I am not a political activist - and this post will probably come across as an act of political activism.
I am an educator and a licensed psychotherapist. I am an author and I host two podcasts, but yet I recede from political conversations because of my own internalized fear and ignominy. I struggle with the "imposter syndrome" many of us are accustomed to.
There are times when I track down that I can no longer sit quietly with my thoughts; or be satisfied with my rants to my partner, therapist, or friends. There are times when I must speak. This is one of those times.
I identify as an African American, gay male from the Deep South and I was raised to keep my mouth shut. I learned by scrutinizing that being black meant I was inferior than; being gay meant I was condemned to hell; and being poor meant I would never excel. These are lasting impressions, even if they have all been proven wrong.
But, I retaliated against the internal voice that urges me not to speak - the frightened internal child fearful of being punished. But I need to speak about the injustices in the world I see. I fight back against the fear because there are those who have found my voice to be one of solace and strength, and I owe it to myself and those who can't speak, to at least try. To try my best at articulating what shatters my heart; what frightens me; and what infuriates me to the depths of my soul.
I'll start with the death of Charleena Lyles in Seattle, WA, my current home. Truth is I don't watch the news or follow many news outlets on social media; the influx of negativity sears my brain, and dampens my mood. I learned of Charleena’s death via Facebook. I was in shock. I asked myself, "Is this in Seattle? It can't be." Was I now living in crazy town? I gathered more information. I became irate and consequently sad, with each piece of information. I couldn't understand why the police would shoot anyone, let alone a woman, even if she had a knife, which may not even be true.
How is it that the police do not know how to deescalate a situation like this? I am a mental health provider and having my roots in agency work, we are taught, at the very least, basic de-escalation skills - wouldn't the police be taught even more? And then I thought of her babies. I thought of the three who witnessed her death and the one she was pregnant with when she died. The police killed a mother and her child. How would these children ever convalesce from this tragedy? They won't, at least not fully. They will hold a piece of that day and the moments after till the day they die - it's the nature of trauma.
I. Am. Disgusted. I. Am. Angry. This is an injustice. This is one of many. There are so many I can't keep track.
I told a room full of people today, I feel like I am being retraumatized every time an injustice occurs. A black mother dies and I think of all the beautiful black mothers I know, including mine, some with mental illness, and I fear for their lives.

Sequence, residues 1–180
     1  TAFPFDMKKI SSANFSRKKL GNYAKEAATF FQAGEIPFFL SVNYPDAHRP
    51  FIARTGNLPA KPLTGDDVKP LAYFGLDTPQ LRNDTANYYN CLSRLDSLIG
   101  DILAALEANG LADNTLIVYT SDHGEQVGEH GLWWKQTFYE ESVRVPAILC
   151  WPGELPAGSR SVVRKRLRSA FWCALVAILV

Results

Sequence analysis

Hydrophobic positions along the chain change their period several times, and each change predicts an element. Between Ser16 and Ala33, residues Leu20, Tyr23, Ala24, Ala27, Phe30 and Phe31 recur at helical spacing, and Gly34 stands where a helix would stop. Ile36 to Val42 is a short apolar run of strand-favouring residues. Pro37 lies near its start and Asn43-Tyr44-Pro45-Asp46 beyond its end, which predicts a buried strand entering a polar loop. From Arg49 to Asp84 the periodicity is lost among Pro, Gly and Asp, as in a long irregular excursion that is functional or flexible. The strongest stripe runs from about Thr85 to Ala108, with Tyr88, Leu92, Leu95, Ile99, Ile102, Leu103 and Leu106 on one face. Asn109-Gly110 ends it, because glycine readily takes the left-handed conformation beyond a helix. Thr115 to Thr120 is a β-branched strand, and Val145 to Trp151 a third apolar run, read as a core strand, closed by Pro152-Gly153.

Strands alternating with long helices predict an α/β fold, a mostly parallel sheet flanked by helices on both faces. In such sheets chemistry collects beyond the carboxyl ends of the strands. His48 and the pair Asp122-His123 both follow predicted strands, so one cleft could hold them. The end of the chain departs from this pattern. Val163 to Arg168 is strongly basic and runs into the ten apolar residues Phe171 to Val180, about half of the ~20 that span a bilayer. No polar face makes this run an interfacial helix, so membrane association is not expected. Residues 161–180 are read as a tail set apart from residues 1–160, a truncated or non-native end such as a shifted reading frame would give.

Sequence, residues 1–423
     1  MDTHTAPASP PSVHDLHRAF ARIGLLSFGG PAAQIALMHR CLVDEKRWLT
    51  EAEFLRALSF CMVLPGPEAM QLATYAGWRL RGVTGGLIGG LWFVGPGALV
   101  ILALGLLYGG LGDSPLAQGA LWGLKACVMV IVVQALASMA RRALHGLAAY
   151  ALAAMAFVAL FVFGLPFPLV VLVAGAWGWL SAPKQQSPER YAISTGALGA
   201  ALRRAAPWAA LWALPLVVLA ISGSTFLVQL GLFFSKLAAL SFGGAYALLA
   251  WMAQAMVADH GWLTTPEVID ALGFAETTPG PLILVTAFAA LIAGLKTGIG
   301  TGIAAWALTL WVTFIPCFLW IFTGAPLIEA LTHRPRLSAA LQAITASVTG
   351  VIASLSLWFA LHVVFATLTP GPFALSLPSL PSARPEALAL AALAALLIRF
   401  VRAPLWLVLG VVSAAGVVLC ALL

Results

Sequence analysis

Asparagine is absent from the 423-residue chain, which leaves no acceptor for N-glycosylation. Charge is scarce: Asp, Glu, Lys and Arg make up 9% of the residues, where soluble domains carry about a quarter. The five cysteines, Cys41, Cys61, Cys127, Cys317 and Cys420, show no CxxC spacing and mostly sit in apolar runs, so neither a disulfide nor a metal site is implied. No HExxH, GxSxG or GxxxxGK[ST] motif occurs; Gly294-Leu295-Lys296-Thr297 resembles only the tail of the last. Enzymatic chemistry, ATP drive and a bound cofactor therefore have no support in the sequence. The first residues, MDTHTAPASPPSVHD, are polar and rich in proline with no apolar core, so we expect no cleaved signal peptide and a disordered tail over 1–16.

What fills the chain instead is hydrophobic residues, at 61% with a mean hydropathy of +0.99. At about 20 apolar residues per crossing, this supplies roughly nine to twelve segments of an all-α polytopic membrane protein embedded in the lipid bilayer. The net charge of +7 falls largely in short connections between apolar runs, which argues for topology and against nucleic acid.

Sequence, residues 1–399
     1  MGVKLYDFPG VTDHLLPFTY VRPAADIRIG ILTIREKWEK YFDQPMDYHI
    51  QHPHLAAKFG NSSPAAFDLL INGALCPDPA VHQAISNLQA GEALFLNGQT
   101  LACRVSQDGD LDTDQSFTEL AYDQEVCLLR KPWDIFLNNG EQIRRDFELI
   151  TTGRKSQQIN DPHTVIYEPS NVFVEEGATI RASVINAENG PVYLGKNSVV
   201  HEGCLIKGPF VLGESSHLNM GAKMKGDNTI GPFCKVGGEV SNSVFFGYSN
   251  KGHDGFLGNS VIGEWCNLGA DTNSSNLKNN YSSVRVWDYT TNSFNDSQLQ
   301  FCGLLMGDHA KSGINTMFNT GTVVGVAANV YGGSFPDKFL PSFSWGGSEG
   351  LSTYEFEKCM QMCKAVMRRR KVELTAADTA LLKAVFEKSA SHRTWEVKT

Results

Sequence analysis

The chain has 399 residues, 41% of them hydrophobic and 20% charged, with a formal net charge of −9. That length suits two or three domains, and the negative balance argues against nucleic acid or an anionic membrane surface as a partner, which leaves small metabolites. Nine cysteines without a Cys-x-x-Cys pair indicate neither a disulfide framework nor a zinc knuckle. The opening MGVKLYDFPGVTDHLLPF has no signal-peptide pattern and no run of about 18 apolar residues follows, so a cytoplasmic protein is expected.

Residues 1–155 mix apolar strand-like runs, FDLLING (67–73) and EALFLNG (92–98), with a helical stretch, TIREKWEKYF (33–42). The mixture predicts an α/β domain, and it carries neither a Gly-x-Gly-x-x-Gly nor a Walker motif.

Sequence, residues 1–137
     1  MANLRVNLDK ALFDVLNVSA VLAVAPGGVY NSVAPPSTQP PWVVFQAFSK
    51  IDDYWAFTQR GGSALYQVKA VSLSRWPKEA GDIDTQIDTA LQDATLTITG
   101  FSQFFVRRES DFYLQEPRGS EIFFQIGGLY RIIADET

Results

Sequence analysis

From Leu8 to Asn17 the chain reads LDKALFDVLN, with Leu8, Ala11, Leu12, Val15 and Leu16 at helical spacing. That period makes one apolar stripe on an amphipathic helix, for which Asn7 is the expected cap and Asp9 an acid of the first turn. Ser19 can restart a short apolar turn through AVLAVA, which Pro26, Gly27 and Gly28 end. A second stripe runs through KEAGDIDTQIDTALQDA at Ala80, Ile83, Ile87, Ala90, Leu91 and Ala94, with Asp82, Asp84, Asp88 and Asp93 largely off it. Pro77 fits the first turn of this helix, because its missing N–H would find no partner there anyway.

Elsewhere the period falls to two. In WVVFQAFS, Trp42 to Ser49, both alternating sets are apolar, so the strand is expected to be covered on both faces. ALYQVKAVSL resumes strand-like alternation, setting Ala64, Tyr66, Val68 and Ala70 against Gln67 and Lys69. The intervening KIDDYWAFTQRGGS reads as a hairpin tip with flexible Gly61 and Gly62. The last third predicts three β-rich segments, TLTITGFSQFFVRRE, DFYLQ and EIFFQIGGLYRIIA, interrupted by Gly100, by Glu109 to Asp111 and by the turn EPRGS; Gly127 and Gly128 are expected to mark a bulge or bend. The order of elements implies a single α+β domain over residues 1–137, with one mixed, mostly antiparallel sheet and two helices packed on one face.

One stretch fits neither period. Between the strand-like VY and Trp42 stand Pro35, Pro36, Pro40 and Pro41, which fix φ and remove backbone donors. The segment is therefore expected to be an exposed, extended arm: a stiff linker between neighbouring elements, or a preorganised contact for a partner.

I hear Bill Cosby, an admitted sexual predator, gets a mistrial and I recall my own sexual assaults as a teenager and as an adult. I feel sad and become disconnected.
I remember sitting in the police station in October 2017, when I finally came forward and revealed the name of my abuser, after 18 years of therapy and five years of 12 step recovery, only to hear that in the state of Georgia the age of consent is 16 and I was 16 when he groomed me and molested me, so no crime committed and even if I had been 15, the statute of limitations would have long expired. So hearing Bill getting to go free, until the retrial, makes me sick to my stomach. He told the truth about his sick, sadistic treatment of women and a jury couldn't agree to convict him. What the actual fuck?
I think our justice system is royally fucked up and needs to be completely overhauled. No way should a man be allowed to sexually molest a 16 yr old and get away with it, nor should a man be able to drug and rape women and walk free. It's disgusting. And police are exonerated, majority of the time, when they gun down unarmed black men and women. This is all so unreal. But there is more.
And to top it off, it took the mainstream media weeks to talk about the gay men being held in concentration camps in Chechnya, and now the conversation has died down.
What, you didn't know? I recently told some colleagues about it and they had no clue. I'm not surprised, if you don't.
The men are still being held against their wills and are reportedly being tortured and killed. What else needs to happen? As a gay man, this fucking scares me. Just because it's not happening in America right now, doesn't mean that it can't.
I don't know if I ever feel safe anymore.
I live in a racist, homophobic, right-winged, capitalist society where anyone can take my rights, violate them and me, and walk away with no regrets.
As a gay, black man in America, I am tired of the injustices; the pain so many of us suffers. But the truth is this, tomorrow I have to get up and go to my private practice and help people heal from all the things I have mentioned, and I have to do so, because someone has to, and my healing has been happening for a lot longer, so I am able, it's just that the pain resurfaces every so often, and then I have to ramp up my own internal work.
I have to show up and do my part to help my client so they know someone cares even when it seems like the world doesn't.
I will keep fighting for those without a voice, and while I am, my voice will become stronger. So maybe I am a political activist?!
Thank you for listening.
This entire website is about me, my therapist practice, and my journey of being a healing professional.